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**Basic Concepts of Algebra**

Chapter 1 Basic Concepts of Algebra

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LANGUAGE OF ALGEBRA

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**SET– a collection or group of, things, objects, numbers, etc.**

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**INFINITE SET – a set whose members cannot be counted.**

If A= {1, 2, 3, 4, 5,…} then A is infinite

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**FINITE SET – a set whose members can be counted.**

If A= {e, f, g, h, i, j} then A is finite and contains six elements

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**SUBSET – all members of a set are members of another set**

If A= {e, f, g, h, i, j} and B = {e, i} , then BA

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**EMPTY SET or NULL SET – a set having no elements.**

A= { } or B = { } are empty sets or null sets written as

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**1-1 Real Numbers and Their Graphs**

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Real Numbers

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**set of counting numbers**

NATURAL NUMBERS - set of counting numbers {1, 2, 3, 4, 5, 6, 7, 8…}

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**WHOLE NUMBERS - set of counting numbers plus zero**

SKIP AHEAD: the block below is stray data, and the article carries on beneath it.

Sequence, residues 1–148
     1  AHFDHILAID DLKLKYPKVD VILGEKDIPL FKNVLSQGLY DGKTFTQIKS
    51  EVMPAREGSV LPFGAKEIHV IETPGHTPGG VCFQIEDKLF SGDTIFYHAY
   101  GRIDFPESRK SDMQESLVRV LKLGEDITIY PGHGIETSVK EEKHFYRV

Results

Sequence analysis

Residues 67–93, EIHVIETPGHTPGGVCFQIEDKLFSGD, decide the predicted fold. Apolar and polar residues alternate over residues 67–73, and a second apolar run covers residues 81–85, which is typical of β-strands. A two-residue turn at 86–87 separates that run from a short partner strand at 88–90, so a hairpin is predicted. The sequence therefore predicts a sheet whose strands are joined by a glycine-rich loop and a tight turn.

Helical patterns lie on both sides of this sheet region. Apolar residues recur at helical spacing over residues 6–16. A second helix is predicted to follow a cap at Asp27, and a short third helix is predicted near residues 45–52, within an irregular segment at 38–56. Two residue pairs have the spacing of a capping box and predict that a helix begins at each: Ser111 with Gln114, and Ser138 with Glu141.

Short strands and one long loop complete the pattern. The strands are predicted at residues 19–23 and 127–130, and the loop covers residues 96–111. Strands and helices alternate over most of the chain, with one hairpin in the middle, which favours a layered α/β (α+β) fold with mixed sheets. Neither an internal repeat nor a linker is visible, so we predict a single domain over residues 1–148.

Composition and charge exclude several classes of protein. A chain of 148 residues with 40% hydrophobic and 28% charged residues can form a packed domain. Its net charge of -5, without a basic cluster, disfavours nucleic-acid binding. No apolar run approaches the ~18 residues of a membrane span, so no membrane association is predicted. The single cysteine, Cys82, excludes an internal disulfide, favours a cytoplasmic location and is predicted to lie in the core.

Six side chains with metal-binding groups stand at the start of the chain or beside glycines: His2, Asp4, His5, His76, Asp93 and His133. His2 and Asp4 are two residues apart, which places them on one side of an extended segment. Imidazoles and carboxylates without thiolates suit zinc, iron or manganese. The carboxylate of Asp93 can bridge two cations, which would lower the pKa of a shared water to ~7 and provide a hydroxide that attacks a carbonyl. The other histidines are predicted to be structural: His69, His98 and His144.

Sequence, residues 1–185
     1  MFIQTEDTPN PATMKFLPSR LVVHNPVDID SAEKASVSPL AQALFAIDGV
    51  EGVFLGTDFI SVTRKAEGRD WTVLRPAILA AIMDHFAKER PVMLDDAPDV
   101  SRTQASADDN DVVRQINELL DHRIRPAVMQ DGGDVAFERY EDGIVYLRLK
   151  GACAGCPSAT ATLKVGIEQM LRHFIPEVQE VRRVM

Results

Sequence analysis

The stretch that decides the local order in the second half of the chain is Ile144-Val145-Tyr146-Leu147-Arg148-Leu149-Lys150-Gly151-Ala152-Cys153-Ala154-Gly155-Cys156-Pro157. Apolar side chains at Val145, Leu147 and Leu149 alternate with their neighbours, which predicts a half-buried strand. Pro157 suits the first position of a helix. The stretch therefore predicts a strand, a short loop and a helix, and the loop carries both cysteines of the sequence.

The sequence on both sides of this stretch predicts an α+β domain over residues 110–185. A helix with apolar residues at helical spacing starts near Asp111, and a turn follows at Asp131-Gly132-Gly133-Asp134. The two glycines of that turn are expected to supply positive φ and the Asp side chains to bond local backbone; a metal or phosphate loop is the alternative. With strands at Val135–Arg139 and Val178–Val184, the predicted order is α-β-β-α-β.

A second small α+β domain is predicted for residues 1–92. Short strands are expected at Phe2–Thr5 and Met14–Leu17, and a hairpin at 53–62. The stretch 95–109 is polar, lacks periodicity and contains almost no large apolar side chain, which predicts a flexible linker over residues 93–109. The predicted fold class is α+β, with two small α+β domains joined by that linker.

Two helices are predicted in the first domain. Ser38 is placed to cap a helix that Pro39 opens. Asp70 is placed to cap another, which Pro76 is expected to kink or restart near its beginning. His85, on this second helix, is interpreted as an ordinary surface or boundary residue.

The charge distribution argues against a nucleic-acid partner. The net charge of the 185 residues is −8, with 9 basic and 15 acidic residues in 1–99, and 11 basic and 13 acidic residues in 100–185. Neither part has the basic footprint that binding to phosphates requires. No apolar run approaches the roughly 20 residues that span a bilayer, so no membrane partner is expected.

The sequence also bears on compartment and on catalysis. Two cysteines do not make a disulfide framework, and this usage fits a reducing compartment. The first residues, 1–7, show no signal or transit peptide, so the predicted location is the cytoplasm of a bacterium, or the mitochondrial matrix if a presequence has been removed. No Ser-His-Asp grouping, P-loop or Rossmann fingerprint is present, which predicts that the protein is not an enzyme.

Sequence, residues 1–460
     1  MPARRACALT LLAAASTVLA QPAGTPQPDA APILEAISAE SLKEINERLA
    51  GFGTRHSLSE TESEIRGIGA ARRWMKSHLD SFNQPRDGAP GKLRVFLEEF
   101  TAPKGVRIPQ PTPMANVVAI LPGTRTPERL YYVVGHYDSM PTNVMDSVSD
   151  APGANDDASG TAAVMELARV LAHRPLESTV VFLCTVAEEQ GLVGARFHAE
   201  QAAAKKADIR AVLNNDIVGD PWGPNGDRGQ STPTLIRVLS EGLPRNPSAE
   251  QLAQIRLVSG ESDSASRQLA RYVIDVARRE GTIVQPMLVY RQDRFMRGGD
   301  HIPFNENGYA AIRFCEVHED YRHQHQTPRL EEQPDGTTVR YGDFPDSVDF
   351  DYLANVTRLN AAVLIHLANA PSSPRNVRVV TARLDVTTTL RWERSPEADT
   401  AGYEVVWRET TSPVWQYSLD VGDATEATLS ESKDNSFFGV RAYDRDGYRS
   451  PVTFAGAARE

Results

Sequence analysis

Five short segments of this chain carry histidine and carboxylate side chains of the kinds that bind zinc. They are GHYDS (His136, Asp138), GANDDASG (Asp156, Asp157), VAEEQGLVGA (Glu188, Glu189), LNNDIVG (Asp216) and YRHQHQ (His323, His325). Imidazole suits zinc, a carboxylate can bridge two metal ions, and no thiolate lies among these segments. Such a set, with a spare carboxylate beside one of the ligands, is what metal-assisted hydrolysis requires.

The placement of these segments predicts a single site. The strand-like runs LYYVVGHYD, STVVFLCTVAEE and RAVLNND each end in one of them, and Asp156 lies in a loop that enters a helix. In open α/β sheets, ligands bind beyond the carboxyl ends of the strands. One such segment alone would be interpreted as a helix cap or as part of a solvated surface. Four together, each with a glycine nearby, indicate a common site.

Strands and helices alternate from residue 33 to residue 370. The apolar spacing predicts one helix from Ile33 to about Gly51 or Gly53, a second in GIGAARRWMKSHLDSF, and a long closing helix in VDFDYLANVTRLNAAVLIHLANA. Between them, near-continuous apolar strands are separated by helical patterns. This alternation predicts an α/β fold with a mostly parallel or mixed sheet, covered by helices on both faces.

{0, 1, 2, 3, 4, 5, 6, 7, 8…}

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**INTEGERS - set of the whole numbers plus their opposites**

{…, -3, -2, -1, 0, 1, 2, 3, …}

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RATIONAL NUMBERS - numbers that can be expressed as a ratio of two integers a and b and includes fractions, repeating decimals, and terminating decimals

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**EXAMPLES OF RATIONAL NUMBERS**

½, ¾, ¼, - ½, -¾, -¼, .05 .76, .333…, .666…, etc.

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IRRATIONAL NUMBERS - numbers that cannot be expressed as a ratio of two integers a and b and can still be designated on a number line

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**EXAMPLES OF IRRATIONAL NUMBERS**

, 6, -29, …, etc .

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Each point on a number line is paired with exactly one real number, called the coordinate of the point. Each real number is paired with exactly one point on the line, called the graph of the number

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**1-2 Simplifying Expressions**

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Definitions

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**NUMERICAL EXPRESSION or NUMERAL**